Cancer and Chronic illness article
Everything You Need To Know About Dog Cancer
We usually don’t think of cancer as a problem in our dogs. It seems like a complicated illness that only affects humans. In reality, cancer is the biggest killer of dogs over 10 -- one out of two dogs older than 10 will have cancer during their lives.
It’s a nasty thing to think of, but it’s important to have a plan if your dog does get this illness.
Where It Comes From
Cancer in humans and animals appears because of the growth of abnormal cells. Damage to DNA causes them to appear -- bodies start producing damaged cells instead of normal ones. This damaged DNA is inherited genetically, or appears from carcinogens that are consumed or found in the environment.
Just because your dog has a tumor, does not mean he has cancer.
Noncancerous tumors are known as “benign” and do not spread to the rest of the body. They are almost never fatal and are usually not dangerous.
Malignant tumors are cancerous and life threatening. They originate in one part of the body and then begin to kill and replace normal cells. A malignant tumor can potentially affect every part of the body.
(Cancer in Dogs Infographic)
The Most Frequent Dog Cancers
There are over 30 forms of dog cancer, but a few types do by far the most damage.
(Cancer is the leading form of death in all dogs over the age of 2 infographic)
Hemangiosarcoma is a type of cancer that is found in the blood vessel cells. It is an extremely dangerous disease if found anywhere other than the skin. Tumors begin to form in blood vessels throughout the body. As the disease progresses the tumors rupture, creating external and internal bleeding.
Hemangiosarcoma can appear in any tissue in the body that has blood vessels. This means it can start anywhere, even though it usually shows up in the spleen. Hemangiosarcomas spread very quickly and often affect organs and bones.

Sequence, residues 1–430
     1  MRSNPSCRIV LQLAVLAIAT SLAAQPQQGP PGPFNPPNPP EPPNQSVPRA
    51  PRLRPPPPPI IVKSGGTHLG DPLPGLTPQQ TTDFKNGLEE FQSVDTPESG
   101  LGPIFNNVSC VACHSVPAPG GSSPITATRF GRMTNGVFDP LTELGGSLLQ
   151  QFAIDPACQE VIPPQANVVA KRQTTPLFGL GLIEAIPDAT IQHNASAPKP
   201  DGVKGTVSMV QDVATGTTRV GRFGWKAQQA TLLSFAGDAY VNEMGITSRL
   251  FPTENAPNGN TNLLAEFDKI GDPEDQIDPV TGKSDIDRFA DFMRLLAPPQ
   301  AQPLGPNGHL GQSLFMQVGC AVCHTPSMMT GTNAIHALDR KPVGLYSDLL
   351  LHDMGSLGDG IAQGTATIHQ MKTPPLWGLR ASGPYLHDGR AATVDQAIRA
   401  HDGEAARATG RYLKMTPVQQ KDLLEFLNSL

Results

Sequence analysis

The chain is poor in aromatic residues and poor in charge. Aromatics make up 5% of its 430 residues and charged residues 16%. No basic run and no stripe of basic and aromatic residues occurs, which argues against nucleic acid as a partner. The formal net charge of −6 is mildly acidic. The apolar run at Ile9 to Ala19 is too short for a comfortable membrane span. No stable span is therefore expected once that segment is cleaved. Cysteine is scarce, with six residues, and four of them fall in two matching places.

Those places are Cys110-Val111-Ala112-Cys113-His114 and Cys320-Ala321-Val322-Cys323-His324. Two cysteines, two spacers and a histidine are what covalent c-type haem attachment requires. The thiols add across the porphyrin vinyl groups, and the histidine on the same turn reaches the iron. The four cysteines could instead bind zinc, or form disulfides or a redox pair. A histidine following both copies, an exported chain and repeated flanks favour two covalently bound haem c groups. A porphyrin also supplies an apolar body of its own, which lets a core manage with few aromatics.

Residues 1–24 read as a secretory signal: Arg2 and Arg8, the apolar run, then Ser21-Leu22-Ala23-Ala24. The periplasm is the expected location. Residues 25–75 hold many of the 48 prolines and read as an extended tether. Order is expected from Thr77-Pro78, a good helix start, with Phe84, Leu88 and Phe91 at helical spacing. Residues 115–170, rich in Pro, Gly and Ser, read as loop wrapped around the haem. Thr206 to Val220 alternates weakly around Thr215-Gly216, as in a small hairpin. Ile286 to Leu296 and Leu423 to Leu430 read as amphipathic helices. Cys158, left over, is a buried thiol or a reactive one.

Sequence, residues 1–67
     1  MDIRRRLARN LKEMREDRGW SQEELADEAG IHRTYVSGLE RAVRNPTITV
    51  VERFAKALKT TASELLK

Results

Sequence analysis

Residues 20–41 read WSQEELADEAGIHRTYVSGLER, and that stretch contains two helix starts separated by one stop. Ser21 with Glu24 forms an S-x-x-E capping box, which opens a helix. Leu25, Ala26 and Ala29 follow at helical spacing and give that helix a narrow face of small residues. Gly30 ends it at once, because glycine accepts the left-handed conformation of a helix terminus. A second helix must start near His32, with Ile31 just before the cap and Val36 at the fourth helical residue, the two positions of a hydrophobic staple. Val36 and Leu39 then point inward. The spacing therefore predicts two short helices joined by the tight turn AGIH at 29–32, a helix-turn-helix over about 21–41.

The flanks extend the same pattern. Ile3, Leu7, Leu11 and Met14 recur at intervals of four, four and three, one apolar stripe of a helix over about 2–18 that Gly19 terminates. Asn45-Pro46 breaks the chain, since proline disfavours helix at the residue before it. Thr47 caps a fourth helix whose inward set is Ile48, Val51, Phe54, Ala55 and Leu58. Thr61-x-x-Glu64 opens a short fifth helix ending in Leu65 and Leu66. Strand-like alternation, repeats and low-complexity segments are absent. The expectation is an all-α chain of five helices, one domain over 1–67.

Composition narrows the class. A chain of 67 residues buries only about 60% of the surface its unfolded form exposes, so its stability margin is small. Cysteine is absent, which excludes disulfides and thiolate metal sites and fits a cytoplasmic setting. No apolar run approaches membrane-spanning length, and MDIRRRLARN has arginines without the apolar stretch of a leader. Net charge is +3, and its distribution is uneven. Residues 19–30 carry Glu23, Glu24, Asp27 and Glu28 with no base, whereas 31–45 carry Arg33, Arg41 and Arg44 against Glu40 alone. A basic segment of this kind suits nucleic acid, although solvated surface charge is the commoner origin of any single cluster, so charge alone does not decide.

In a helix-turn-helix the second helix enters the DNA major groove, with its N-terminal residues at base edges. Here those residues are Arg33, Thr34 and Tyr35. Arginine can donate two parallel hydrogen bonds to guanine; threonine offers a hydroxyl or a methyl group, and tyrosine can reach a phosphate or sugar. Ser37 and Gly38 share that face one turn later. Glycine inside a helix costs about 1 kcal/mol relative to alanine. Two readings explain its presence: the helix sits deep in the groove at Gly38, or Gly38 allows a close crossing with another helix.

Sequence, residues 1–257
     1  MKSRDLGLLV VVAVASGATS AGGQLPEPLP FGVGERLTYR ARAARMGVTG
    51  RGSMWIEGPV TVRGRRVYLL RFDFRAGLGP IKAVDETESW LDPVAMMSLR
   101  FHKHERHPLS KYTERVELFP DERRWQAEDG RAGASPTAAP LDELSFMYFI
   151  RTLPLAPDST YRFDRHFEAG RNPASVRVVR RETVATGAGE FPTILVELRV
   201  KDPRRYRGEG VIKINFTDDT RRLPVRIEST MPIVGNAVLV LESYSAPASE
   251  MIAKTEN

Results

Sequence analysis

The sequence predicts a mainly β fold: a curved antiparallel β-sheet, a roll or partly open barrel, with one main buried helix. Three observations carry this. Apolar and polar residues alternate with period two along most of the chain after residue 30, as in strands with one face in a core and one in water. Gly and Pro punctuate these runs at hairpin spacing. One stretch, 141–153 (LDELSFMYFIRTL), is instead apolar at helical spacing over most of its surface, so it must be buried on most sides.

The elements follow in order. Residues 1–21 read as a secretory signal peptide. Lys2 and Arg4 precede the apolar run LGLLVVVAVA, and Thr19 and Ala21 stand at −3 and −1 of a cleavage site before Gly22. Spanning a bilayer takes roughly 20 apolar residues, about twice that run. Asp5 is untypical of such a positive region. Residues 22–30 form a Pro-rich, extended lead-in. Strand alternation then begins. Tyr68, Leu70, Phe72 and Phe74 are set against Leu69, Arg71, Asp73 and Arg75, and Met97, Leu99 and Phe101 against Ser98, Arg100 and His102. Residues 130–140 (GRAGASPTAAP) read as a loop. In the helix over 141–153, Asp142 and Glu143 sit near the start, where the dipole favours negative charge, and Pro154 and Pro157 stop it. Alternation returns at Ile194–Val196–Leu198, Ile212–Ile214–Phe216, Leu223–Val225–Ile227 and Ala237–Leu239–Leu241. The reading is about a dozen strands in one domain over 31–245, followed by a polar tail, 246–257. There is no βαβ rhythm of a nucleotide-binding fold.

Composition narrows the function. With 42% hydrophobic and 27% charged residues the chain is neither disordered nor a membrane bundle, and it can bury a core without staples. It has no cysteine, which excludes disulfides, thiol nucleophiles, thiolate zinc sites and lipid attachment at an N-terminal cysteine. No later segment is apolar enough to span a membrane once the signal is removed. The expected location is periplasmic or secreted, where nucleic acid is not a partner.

Lymphoma refers to different types of cancers that come from white blood cells. Known as lymphocytes, the white blood cells normally eliminate diseases and infections and shield the body from outside threats. On occasion, these cells begin to malfunction and produce abnormal cells that lead to malignant tumors.
This is a very common disease. One in five of malignant tumors in dogs are the result of lymphoma.
Lymphoma’s presence in blood cells means it can affect every part of the body. It is most commonly found in the immune system, such as the lymph nodes. It has also been known to be commonly found in the skin, liver, gastrointestinal tract, and spleen.
Different kinds of dog lymphoma behave completely differently. The five biggest types of lymphoma are:
- Multicentric (found in external lymph nodes)
- Mediastinal (found in any organ in the chest)
- Gastrointestinal (found in intestinal tract or stomach)
- Cutaneous (found in the skin)
- Extranodal (affects the bones, chest, eyes, or mouth)
- Multicentric is by far the most common.
It is always hard to tell how alarmed you should be. Always visit the vet if you think your dog might be sick.
Some kinds of lymphoma are extremely lethal and and progress to more dangerous stages very quickly. Other kinds progress slowly and can be managed as chronic, less severe, conditions. Still, if left completely untreated lymphoma can be very dangerous and severely affect the health of your pet.
Mast Cell tumors
Mast cell tumors (MCTs) are the most commonly occurring skin tumors. Approximately 30% of dog tumors are found in the skin, and mast cell tumors are roughly one fifth of those.